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The elusive mantas of the Chagos Archipelago

By Niv Froman, 26th June 2018

A Reef Manta Ray at Ile Lubine, Egmont Atoll, Chagos BIOT. Photo © Guy Stevens | Manta Trust

Manta rays are undoubtedly amongst the most charismatic marine species, so it’s no surprise they are always found on the top of every ocean lover’s wish list. It has been estimated that through tourism they generate a global revenue of more than 140 million US dollars annually and thus their beauty plays an important role in the economy of a number of island countries, including Indonesia, Japan and the Maldives. Sadly, as is often the case when it comes to natural wonders, there is a dark side to the story. Manta rays are targeted by fisheries globally to supply a growing demand for their gill plates. These are used in Traditional Asian Medicine, where they are believed to have a variety of healing properties. This targeted fishery, coupled with by-catch and the effects of climate change, are posing serious threats to the long-term survival of manta rays.

A Reef Manta Ray glides passed a school of Fusiliers. Photo © Guy Stevens | Manta Trust

An understudied population of reef mantas exists in the British Indian Ocean Territory (BIOT). However, it is unclearwhether the Marine Protected Area (MPA) status of the archipelago and the lack of commercial fisheries and tourism are sufficient to guarantee the survival of this remote population.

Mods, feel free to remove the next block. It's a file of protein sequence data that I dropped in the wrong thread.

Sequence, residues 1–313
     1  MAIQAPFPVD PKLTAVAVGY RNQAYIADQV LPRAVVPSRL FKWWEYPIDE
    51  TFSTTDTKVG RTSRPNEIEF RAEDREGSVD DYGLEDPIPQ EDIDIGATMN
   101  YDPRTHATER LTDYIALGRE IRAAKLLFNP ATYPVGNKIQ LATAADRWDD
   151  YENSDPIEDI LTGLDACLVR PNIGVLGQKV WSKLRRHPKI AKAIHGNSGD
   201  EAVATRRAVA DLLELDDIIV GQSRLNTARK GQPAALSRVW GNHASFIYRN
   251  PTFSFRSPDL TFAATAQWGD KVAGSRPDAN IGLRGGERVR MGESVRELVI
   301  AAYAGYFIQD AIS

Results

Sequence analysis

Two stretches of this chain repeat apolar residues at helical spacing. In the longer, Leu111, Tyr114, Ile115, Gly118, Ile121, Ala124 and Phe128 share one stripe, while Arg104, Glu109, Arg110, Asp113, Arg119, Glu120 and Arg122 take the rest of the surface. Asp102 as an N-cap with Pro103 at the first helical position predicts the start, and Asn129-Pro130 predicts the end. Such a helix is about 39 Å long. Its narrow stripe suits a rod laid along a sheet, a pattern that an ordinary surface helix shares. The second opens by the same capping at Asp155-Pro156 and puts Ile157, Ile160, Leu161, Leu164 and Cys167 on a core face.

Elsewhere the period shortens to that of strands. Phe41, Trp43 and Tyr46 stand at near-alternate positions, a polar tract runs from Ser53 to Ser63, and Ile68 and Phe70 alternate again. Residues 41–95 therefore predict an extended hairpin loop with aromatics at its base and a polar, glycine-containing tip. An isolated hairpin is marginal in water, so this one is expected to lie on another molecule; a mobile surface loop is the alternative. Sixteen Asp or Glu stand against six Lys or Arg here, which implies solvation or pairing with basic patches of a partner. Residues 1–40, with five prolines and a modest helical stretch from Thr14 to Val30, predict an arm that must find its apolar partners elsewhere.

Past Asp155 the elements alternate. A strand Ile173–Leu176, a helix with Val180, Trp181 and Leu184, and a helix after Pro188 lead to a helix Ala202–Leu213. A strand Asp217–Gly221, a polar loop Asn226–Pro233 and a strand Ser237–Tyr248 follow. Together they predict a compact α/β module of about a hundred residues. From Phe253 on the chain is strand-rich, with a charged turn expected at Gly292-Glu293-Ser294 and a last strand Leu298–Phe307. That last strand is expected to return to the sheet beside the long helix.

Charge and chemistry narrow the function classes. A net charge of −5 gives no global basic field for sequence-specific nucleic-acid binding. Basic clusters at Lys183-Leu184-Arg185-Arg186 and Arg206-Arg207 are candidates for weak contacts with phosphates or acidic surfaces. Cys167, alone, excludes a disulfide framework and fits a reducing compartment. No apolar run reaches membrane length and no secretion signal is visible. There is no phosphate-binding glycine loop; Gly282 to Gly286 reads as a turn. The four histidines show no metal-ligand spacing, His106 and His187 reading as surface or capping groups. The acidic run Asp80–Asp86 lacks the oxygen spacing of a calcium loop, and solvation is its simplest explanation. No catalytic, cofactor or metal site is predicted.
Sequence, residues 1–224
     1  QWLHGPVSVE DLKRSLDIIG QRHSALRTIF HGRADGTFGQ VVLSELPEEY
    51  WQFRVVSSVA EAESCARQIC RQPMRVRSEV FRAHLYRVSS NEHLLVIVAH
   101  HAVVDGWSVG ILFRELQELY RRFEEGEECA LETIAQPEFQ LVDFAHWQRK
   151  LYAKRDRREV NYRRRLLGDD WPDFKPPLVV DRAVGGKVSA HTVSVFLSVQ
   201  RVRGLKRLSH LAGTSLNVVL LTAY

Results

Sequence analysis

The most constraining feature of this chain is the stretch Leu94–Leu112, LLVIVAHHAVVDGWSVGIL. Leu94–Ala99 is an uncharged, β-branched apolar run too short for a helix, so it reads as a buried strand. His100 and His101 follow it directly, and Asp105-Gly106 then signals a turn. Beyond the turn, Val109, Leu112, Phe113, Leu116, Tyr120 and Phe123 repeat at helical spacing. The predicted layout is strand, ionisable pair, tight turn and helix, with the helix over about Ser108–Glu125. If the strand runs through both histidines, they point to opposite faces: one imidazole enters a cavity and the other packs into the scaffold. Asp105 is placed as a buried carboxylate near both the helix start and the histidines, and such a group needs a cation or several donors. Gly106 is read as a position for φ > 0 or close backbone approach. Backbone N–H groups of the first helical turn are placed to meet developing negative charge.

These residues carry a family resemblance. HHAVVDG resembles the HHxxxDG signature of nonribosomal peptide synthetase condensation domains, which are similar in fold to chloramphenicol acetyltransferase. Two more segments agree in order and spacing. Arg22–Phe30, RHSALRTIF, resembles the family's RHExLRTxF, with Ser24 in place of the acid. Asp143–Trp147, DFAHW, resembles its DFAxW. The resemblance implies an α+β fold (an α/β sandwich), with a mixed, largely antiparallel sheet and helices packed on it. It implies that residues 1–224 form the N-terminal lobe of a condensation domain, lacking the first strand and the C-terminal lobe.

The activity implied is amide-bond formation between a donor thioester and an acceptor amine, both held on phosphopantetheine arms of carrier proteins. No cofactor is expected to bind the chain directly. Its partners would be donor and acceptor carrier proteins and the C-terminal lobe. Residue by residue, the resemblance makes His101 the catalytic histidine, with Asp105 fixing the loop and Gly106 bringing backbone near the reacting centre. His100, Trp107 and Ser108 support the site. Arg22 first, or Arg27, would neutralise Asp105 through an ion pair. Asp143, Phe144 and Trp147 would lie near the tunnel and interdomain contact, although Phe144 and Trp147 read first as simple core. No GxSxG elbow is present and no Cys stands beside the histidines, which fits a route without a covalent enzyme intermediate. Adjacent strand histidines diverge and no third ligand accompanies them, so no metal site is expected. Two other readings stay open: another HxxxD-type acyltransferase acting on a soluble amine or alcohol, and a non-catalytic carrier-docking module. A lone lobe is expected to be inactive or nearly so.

Guy, Niv and Jamie at Ile de la Takamaka, Salomon Atoll. Photo © Guy Stevens | Manta Trust

The Manta Trust team joined a recent expedition led by the Bertarelli Programme in Marine Science, with the aim of helping to answer this question using a suite of methodologies, including genetics and satellite telemetry. Thus armed with underwater cameras, satellite tags, and a biopsy pole, we set sail to the heart of the Indian Ocean! Finding mantas is not an easy task, especially in such an unexplored region of the planet. The task turned out to be even more challenging after learning that only two days of the trip would be spent at Egmont Atoll – the site with the highest currently known concentration of mantas in Chagos.

Niv Froman conducting benthic community surveys. Photo © Guy Stevens | Manta Trust

Niv Froman collecting plankton sampling. Photo © Guy Stevens | Manta Trust

Although our expectations were relatively low, luck seemed on our side. In only two days we recorded 55 sightings of 41 different individuals, bringing the photo-ID database of the BIOT manta population to 107 individuals. We deployed three satellite tags, which will record depth profile, location, and other important data for the next six months. Additionally, we also collected tissue biopsy samples of half a dozen individuals – samples which will provide important information about the level of genetic and geographic isolation of the local manta population.

The unique spots on the underbelly of a reef manta ray, used for identifying individuals. Photo Guy Stevens | Manta Trust

A Manta Trust researcher tags a reef manta ray. Photo by Niv Froman | © Manta Trust

A Manta Trust researcher collects the biopsy tissue sampling. Photo © Guy Stevens | Manta Trust

Being in the Chagos archipelago, the only ‘mega’ MPA in the Indian Ocean, and being able to study a rarely observed manta population, has not just been a privilege, but a unique opportunity to contribute to the improved conservation of these globally threatened species.

The research team at Ile Anglaise, Salomon Atoll, Chagos BIOT. Photo © Guy Stevens | Manta Trust

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